Kemi Adeosun says the FG has signed a policy to tax first class and business class air tickets alongside other luxury goods.
Fielding questions from Nigerians on Thursday morning, via Facebook, the minister was asked what her thoughts were on taxing first class tickets and luxury coaches, and she “I think yes”.
“We’ve signed something that will bill access charge on first class and business class tickets, we are just doing the final parts of the implementation and we also want to try and amend the tax payer book on high end cars, luxury cars,” she said
Adeosun goes on to assure Nigerians that the taxes will be funnelled into turning Nigeria into what it used to be and even better, adding that it will help in remodelling the country’s public social infrastructure.
“If we move our tax-to-GDP ratio up, it means two things: One, we will be able to provide more services to our people. Many of the things we are not able to do are function of the fact that we don’t have enough money.
We need to build more schools, hospitals and roads. This is not rocket science. Every country has challenges, there is nothing we are facing that other countries haven’t faced.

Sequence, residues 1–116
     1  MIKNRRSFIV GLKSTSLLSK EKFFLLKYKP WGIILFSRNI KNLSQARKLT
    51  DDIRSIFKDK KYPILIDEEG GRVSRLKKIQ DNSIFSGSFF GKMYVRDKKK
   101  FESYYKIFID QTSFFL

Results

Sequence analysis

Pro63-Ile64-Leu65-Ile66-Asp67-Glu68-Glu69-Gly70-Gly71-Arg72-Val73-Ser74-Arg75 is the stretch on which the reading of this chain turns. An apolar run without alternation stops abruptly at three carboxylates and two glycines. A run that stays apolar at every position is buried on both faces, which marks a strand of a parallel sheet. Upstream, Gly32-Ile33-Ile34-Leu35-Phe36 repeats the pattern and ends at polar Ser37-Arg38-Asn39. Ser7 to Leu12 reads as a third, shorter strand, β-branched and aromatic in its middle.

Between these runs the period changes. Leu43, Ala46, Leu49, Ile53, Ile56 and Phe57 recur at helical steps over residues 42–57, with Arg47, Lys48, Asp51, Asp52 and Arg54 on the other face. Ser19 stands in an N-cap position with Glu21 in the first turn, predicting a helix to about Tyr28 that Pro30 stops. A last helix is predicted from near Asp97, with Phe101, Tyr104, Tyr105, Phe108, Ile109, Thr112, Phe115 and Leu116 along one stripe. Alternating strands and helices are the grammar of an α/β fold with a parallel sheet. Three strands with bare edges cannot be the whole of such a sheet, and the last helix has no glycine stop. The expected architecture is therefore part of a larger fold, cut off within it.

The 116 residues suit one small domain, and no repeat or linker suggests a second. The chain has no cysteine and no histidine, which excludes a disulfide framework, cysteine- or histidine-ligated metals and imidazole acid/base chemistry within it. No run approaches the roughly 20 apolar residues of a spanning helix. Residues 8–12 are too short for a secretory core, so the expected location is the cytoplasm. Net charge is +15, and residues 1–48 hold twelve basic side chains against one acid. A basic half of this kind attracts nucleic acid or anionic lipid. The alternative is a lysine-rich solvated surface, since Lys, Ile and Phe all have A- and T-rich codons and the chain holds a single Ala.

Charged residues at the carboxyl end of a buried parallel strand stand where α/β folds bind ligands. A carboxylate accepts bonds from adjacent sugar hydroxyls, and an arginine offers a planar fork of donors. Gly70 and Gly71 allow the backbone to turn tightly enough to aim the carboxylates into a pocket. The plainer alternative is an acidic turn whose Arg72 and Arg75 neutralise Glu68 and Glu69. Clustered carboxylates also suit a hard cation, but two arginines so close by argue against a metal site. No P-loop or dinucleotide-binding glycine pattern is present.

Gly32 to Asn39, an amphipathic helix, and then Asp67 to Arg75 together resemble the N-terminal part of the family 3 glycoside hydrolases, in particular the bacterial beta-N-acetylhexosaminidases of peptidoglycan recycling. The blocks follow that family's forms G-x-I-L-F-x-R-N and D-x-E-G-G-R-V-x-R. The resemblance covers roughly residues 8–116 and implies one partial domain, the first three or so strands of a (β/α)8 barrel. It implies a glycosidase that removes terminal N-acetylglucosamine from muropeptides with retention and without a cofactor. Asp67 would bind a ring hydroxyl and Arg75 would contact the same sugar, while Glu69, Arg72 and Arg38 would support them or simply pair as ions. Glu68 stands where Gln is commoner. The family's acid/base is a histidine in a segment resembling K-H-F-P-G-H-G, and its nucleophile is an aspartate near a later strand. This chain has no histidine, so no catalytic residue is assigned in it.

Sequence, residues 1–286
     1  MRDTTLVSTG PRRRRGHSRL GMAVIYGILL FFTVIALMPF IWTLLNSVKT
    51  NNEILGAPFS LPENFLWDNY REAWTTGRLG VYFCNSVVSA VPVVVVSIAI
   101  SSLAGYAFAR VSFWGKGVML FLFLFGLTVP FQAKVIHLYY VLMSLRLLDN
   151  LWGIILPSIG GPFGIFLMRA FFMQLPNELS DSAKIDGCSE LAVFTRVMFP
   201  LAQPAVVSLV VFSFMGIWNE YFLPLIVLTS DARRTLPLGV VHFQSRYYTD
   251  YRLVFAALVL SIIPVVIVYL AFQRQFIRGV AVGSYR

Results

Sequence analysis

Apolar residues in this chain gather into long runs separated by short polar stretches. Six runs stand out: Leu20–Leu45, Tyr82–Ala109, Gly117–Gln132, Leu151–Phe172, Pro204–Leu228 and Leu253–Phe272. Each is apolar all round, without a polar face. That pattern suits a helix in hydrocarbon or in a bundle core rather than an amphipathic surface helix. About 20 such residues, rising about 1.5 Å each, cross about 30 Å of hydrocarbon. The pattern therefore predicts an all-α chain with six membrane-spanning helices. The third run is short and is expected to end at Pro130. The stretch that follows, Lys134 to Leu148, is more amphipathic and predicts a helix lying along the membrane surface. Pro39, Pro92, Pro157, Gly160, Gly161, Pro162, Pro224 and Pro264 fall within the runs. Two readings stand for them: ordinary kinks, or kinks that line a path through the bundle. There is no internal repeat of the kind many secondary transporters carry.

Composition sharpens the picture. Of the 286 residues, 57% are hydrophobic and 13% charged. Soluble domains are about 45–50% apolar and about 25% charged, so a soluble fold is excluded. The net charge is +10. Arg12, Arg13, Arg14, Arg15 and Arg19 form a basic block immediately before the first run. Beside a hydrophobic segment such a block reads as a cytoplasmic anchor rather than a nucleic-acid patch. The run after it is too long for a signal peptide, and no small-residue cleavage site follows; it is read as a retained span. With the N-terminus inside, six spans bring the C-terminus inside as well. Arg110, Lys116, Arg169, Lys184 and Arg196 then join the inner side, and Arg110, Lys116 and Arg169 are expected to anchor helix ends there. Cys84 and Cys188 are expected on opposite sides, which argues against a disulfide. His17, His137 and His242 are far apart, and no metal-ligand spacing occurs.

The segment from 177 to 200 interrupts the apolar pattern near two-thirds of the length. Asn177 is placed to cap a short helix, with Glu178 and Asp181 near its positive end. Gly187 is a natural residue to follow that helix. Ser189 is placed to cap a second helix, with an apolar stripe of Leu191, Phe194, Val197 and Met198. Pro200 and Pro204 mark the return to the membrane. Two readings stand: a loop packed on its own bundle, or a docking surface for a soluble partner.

Every poor nation has very poor tax compliance rate and every rich nation has high compliance rate. So we want to be a properous nation. So what is in it for the citizens?
If everybody pays, there will be far more money in the pool to be spent on the services that we need. These things are what we call public goods, and they’re funded from taxes.
If you have been all around the country, you’ve seen the need, you’ve seen the number of people that are living in poverty, we can lift people from poverty if we have the right money.
A lot of people that are very successful today went to public schools because the public schools were good; we can recreate that. Same with health system.
A lot of people die needlessly because we don’t have the right health facilities.” The minister says Nigerians living and working abroad, and paying taxes in those countries do not have to pay taxes in Nigeria.